Power Lunch: Organic Category Proposes a Check-off Program

Feb. 18, 2015
A nation-wide check-off program, from farmers to processors, will take the organic market to the next level.

America’s certified organic stakeholders are now considering the most critical and potentially transformative issue for the organic industry since the discussions more than 20 years ago to develop national guidelines and regulations for the then fledgling sector: whether to adopt a national organic check-off program.

The time is right for a research and promotion check-off program that is designed specifically for the organic sector – farmers, ranchers, distributors, and food makers. The organic industry must act collectively to ensure our future. Together we can accomplish more than we can individually. Organic food companies – and all organic stakeholders – have to act to promote the organic seal over other labels that aren’t supported by the strict standards that the organic seal represents.

About Nicole Bernard Dawes

Nicole Bernard Dawes is the founder and CEO of Late July Snacks. She is a pioneering business owner, food advocate and mother whose lifelong passion for transforming the food system has resulted in one of the country’s most successful organic snack brands. Dawes serves as a board member on the Organic Trade Association.

The demand for organic is soaring as consumers are making the connection between what they eat and their health. Sales of organic food reached a new high of over $32 billion in 2013. The growth rate of organic food and beverage sales has averaged almost 10 percent every year since 2010, dwarfing the average annual growth of just over 3 percent in total food sales.

Despite the growing appetite for organic, many consumers are confused, and as an industry, we need to do a better job of educating what it means to be organic. One-third of organic consumers are new to the market. These new organic shoppers often are not fully aware of all the benefits and guarantees that the organic seal represents. To add to the confusion, consumers are getting bombarded by unregulated claims on food throughout grocery stores.

There is a disconnect between the demand for organic products and the supply of organic ingredients. Organic food companies like my company, Late July, face shortages of organic ingredients far too often.  Each year there is another organic ingredient that is under-produced and difficult to source.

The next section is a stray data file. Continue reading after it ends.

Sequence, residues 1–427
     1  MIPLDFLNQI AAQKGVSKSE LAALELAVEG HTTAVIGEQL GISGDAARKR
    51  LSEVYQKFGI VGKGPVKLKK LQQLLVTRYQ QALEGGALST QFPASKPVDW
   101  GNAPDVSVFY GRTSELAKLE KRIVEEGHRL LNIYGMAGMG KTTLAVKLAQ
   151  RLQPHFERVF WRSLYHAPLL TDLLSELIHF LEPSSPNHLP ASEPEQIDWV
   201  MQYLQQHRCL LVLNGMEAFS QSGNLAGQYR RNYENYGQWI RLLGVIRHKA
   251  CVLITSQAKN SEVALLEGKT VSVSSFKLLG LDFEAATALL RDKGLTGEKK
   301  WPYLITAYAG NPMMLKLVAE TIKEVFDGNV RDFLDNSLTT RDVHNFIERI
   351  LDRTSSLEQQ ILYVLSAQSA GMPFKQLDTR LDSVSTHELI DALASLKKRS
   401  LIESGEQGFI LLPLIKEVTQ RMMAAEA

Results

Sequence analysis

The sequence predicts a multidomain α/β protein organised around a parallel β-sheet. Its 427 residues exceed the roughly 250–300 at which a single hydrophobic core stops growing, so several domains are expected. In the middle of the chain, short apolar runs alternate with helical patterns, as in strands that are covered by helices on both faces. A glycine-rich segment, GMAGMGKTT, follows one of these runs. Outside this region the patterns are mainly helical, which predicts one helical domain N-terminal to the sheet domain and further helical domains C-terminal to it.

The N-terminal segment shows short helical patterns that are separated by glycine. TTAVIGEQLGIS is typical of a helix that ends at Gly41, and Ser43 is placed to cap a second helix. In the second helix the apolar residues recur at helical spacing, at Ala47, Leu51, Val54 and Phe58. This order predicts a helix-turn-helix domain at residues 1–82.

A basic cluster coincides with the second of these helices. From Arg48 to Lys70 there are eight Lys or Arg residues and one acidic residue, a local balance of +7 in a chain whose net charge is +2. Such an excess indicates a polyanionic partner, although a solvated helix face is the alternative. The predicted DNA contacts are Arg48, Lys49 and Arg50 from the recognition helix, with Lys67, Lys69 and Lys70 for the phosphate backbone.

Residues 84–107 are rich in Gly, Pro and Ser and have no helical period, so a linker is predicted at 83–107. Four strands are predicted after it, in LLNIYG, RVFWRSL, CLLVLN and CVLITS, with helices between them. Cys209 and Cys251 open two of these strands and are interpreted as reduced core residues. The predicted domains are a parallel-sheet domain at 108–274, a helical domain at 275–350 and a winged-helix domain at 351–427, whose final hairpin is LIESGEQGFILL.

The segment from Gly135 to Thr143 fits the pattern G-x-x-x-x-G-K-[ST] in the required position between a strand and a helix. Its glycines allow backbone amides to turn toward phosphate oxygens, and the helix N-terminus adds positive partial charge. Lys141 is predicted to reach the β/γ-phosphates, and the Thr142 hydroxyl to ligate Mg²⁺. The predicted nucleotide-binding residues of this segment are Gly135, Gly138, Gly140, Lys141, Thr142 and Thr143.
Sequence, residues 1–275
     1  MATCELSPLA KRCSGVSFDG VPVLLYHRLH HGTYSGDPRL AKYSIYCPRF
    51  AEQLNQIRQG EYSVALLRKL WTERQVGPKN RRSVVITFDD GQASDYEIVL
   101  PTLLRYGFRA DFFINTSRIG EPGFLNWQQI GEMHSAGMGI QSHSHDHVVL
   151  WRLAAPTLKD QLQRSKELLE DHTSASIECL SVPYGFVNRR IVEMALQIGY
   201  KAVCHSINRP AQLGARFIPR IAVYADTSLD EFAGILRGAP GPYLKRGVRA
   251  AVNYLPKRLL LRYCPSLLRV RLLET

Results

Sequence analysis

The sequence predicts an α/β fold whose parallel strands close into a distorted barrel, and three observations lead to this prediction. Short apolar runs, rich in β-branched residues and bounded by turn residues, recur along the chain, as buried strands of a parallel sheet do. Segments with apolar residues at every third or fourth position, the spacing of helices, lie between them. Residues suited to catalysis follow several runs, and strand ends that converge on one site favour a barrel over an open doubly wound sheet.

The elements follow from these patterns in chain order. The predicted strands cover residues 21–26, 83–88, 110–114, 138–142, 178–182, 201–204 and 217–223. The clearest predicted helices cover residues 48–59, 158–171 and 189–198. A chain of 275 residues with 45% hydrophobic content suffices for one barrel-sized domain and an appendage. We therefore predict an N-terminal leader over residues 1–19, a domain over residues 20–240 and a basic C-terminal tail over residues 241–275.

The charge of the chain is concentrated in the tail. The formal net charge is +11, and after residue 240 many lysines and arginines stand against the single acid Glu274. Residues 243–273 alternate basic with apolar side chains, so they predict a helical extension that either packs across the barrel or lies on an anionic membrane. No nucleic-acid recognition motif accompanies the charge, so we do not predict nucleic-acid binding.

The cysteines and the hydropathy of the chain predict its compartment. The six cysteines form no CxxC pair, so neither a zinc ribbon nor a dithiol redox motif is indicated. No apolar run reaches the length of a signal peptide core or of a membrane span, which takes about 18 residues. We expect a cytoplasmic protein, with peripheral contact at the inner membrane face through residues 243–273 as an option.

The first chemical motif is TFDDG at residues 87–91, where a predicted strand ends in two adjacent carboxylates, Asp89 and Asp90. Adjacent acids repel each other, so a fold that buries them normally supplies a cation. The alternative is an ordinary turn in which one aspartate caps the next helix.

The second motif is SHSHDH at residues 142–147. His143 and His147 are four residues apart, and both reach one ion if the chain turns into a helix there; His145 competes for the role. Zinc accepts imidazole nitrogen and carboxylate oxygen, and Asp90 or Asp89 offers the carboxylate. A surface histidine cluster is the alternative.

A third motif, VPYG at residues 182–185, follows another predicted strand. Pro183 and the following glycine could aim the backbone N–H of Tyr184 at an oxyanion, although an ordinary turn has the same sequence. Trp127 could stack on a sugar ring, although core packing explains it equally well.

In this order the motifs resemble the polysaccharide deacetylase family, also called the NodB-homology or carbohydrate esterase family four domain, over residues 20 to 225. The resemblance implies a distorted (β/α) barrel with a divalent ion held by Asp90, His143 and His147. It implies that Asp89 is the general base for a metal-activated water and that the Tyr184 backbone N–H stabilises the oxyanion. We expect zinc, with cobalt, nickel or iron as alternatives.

In order to fix this supply and demand issue, more farmers in America need to go organic. Domestic organic production simply can’t keep up with the robust demand. Our country, the biggest agricultural producer in the world, is having to import organic ingredients to feed America’s hunger for organic food.

Commodity research and promotion check-off programs have been a part of American agriculture for almost 50 years. These programs boost demand for the product they promote and return a good investment to those paying into the check-off.

An organic check-off would be unprecedented, and would be designed to reflect the unique needs of the diverse organic community. An organic check-off would not promote a specific commodity, but instead a specific agricultural production process; it would represent all organic stakeholders.

The check-off assessments would be broad and shallow; all organic certificate holders would pay into the check-off and all of us would benefit. The proposed assessment on the gross revenue (minus the cost of organic goods) would equal one-tenth of one percent annually. For a $1 million gross organic revenue company, for example, the assessment would be a maximum of $1,000.

It’s estimated a check-off could raise up to $40 million a year. Imagine what we could do! This would allow for more money to be spent on promotion, research and consumer education: promoting the benefits of organic to consumers and explaining why organic sometimes costs more and why it is worth more. We'd fund research to find everyday solutions for organic farmers and encourage others to transition to organic practices. An organic check-off program would strengthen the voice of the organic industry and allow us to get our message to the American consumer in a clear, transparent way.

Today’s organic sector was founded by visionaries who believed in a better, more healthy and sustainable way to raise our food and to provide American consumers with the highest quality of food products. I believe in that mission and work everyday to achieve it.

We have an opportunity today to work together to promote the organic brand. For just one-tenth of one percent of our annual revenue, we can take the next step and help advance the organic industry to a new level of prosperity and sustainability. An organic check-off: the best investment we can make.

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